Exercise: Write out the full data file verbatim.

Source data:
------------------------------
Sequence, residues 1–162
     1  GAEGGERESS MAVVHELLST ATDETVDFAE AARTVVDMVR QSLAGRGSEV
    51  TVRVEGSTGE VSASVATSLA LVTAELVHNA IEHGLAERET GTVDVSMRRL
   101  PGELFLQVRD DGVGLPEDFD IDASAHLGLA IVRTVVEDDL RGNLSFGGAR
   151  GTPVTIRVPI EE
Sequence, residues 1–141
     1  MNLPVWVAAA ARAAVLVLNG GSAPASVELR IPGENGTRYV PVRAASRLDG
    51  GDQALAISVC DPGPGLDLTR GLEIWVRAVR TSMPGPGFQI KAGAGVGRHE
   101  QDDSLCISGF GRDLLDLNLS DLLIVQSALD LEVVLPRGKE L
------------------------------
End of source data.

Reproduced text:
Sequence, residues 1–162
     1  GAEGGERESS MAVVHELLST ATDETVDFAE AARTVVDMVR QSLAGRGSEV
    51  TVRVEGSTGE VSASVATSLA LVTAELVHNA IEHGLAERET GTVDVSMRRL
   101  PGELFLQVRD DGVGLPEDFD IDASAHLGLA IVRTVVEDDL RGNLSFGGAR
   151  GTPVTIRVPI EE
Sequence, residues 1–141
     1  MNLPVWVAAA ARAAVLVLNG GSAPASVELR IPGENGTRYV PVRAASRLDG
    51  GDQALAISVC DPGPGLDLTR GLEIWVRAVR TSMPGPGFQI KAGAGVGRHE
   101  QDDSLCISGF GRDLLDLNLS DLLIVQSALD LEVVLPRGKE L